“Some of the things I am talking about here include:

  • “Regular communications with their team on the progress with the project;
  • “Establishing charging points at the mine;
  • “Organising trial test drive bookings with those employees interested, and collecting performance data and feedback from them;
  • “Testing charging of the vehicle from one of their generators;
  • “Reviews by the emergency services and maintenance teams; and
  • “Planning the site acceptance testing when the OZ Minerals vehicle is delivered.”

Taylor said the LTO batteries the ZED70 Ti is fitted with can travel around 3 million km or endure 20,000 recharges before the battery re-charge ability reduces by 20%. This compares favourably with the 475,000 km, or 1,200 charges, it would take for the NCM battery’s re-charging ability to drop by the same amount.

At the same time as this, the LTO battery system will charge to a 95% charge in three hours on 415 V three-phase power, compared with four-and-a-half hours for the NCM equivalent.

“With DC-DC fast charging you will need 30 mins on the LTO (two hrs for NCM),” Taylor added.

Such benefits outweigh the lower energy density and upfront expense that come with using these LTO batteries, according to Taylor.

In October, OZ Minerals became the first miner in Australia to take delivery of a battery-powered Normet Charmec MC 605 VE SmartDrive (SD) at Carrapateena.

PYBAR takes the load off raisebore reamer removal underground

PYBAR, an equipment manufacturer and the team at Carrapateena copper-gold mine in South Australia have developed a safe work methodology to remove large diameter raisebore reamers in an underground environment.

As the contractor says, the removal of raisebore reamers has traditionally been a hazardous, complex, costly and time-consuming process. Because of this, PYBAR saw a need to develop a safe work methodology to remove large diameter reamers in an underground environment.

Working with Carrapateena Mine and an equipment manufacturer, the SL100 Reamer Lifting Gantry system was developed.

The SL100 unit, based on the Enerpac SL100 lift and shift technology, is a track-mounted gantry system with hydraulic lifting units capable of lifting up to 80 t. The unit is operated remotely, removing employees from the shaft area during reamer lifts. When the reamer is lifted out of the shaft, the reamer is trammed away from the open shaft, which is then covered with a hole cover to create a safe working area.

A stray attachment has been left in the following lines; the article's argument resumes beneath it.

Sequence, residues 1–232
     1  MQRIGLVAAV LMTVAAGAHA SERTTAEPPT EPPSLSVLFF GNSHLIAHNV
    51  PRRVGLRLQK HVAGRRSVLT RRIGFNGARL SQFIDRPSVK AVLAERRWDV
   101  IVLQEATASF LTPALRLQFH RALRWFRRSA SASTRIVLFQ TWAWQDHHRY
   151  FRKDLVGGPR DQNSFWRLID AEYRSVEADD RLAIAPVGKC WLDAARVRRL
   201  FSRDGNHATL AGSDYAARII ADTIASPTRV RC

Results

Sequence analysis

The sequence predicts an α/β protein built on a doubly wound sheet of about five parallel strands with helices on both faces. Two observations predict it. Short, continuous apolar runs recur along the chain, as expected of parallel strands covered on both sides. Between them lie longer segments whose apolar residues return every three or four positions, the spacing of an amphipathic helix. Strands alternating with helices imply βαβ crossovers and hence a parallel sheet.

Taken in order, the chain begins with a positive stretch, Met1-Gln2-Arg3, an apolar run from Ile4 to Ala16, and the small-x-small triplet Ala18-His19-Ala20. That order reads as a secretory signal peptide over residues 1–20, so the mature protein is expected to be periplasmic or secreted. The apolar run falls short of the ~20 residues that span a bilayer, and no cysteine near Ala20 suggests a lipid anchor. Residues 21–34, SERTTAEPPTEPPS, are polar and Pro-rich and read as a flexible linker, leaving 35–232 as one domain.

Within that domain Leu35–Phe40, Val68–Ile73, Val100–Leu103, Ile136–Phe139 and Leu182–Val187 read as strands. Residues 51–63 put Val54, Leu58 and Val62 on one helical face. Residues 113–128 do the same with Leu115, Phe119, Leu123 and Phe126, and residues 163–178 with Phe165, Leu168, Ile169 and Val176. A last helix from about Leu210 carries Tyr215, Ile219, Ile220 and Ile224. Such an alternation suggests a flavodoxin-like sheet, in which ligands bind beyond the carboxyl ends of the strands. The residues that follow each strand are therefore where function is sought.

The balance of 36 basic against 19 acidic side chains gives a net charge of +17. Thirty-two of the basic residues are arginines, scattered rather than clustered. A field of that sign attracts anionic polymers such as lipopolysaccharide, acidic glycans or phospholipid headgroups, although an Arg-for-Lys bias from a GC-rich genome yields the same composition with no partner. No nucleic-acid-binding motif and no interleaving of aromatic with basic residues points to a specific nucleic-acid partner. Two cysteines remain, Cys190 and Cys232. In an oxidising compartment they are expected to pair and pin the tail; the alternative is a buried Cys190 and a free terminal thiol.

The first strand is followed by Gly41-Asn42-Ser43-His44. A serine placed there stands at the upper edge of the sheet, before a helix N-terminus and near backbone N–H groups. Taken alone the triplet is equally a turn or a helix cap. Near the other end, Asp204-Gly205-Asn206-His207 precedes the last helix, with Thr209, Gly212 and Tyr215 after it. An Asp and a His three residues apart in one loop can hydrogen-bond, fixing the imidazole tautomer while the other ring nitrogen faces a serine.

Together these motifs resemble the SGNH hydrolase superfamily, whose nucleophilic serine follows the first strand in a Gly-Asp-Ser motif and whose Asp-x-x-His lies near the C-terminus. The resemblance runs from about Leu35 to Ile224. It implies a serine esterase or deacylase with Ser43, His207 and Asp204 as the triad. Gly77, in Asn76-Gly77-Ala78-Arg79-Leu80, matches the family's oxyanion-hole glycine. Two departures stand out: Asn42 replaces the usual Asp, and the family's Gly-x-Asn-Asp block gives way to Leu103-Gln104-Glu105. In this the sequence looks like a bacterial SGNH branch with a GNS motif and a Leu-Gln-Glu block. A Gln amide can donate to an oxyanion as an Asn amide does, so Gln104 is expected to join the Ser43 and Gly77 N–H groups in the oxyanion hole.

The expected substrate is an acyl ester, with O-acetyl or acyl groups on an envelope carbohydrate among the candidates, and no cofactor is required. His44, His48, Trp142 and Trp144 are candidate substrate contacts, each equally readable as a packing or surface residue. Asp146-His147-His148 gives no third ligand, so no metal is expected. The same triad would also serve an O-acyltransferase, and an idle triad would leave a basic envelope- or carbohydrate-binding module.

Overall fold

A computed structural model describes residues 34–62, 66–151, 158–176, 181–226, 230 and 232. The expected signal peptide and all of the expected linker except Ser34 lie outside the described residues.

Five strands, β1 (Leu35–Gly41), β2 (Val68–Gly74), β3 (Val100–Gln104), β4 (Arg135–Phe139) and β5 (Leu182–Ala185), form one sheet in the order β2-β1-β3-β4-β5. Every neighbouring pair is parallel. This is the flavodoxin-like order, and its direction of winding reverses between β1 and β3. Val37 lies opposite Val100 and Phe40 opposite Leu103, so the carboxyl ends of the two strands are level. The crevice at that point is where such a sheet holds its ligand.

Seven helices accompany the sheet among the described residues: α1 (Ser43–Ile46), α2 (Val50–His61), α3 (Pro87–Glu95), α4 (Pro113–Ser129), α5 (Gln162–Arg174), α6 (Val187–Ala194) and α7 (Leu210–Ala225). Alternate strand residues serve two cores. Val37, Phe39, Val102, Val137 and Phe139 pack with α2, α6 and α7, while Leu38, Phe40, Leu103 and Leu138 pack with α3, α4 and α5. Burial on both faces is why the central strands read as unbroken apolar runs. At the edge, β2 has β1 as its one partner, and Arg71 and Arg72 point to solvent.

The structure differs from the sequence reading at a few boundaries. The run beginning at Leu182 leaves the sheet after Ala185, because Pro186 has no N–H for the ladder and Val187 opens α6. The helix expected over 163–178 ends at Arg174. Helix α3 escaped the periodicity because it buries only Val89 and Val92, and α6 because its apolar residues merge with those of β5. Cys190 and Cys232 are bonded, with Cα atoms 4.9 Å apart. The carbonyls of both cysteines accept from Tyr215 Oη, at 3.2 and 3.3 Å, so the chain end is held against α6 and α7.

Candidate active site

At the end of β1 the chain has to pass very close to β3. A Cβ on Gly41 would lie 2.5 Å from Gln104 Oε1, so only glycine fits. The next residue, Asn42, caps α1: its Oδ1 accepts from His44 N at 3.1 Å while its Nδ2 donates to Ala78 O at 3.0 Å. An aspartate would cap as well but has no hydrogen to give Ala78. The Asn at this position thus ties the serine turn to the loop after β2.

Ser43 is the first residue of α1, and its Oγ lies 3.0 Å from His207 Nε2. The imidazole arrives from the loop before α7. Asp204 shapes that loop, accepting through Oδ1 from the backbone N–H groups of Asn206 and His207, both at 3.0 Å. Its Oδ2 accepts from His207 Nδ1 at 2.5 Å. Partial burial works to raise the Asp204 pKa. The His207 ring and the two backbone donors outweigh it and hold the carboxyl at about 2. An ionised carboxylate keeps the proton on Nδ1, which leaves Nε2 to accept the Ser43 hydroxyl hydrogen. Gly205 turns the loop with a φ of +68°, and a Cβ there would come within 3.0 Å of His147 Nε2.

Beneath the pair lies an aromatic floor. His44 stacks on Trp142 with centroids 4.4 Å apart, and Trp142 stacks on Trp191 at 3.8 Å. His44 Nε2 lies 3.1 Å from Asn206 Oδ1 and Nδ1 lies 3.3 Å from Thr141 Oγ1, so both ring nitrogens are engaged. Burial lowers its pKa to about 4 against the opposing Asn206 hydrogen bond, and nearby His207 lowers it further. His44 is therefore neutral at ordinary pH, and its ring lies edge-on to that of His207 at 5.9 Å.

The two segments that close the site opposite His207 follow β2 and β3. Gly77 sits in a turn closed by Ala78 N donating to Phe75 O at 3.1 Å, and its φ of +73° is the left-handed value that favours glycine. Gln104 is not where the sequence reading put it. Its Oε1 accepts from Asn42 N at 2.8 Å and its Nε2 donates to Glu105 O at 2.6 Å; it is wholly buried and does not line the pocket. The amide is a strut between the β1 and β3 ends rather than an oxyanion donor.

PYBAR’s Raise Bore and Shaft Lining Manager, Phillip Viljoen, said: “PYBAR’s underground raisebore reamer removal system is a safety win for the raisebore industry, and we would be happy to share the methodology with anyone interested in a safer and more efficient way of removing large diameter reamers in an underground environment.”

The PYBAR underground reamer lifting gantry methodology has now been accepted as industry best practice, according to PYBAR, and sets the standard for removing large diameter reamers safely in an underground environment.

Normet battery-powered Charmec arrives at OZ Minerals’ Carrapateena mine

OZ Minerals has become the first miner in Australia to take delivery of a battery-powered Normet Charmec MC 605 VE SmartDrive (SD), with the unit arriving at its Carrapateena copper-gold mine in South Australia last month.

In a post on LinkedIn, the company said of the machine: “It is Australia’s first battery-powered vehicle for underground explosive charging and emits zero local emissions.”

Back in June 2019, Normet made history by, for the first time in Europe, demonstrating battery-electric emulsion charging in a production environment underground at the Pyhäsalmi mine, in Finland, with its Charmec MC 605 VE SD.

This followed the launch of its SmartDrive battery-electric vehicle architecture at Bauma in Munich, back in April 2019.

According to Normet, battery-based charging makes the explosives charging process safer and more efficient, as there is no need to plug in to the mine’s electric grid.

The company says the Charmec MC 605 VE SD presents the new era of charging in underground mines.

“Normet SmartDrive battery-electric vehicle technology, integrated to the state-of-art emulsion charging technology, offers the highest value to customer in terms of safety, health, ergonomics and productivity, with zero local emissions,” it said.

A prefeasibility study on an expansion of Carrapateena, released in June, included a trial of electric light vehicles and establishment of a renewable energy hub.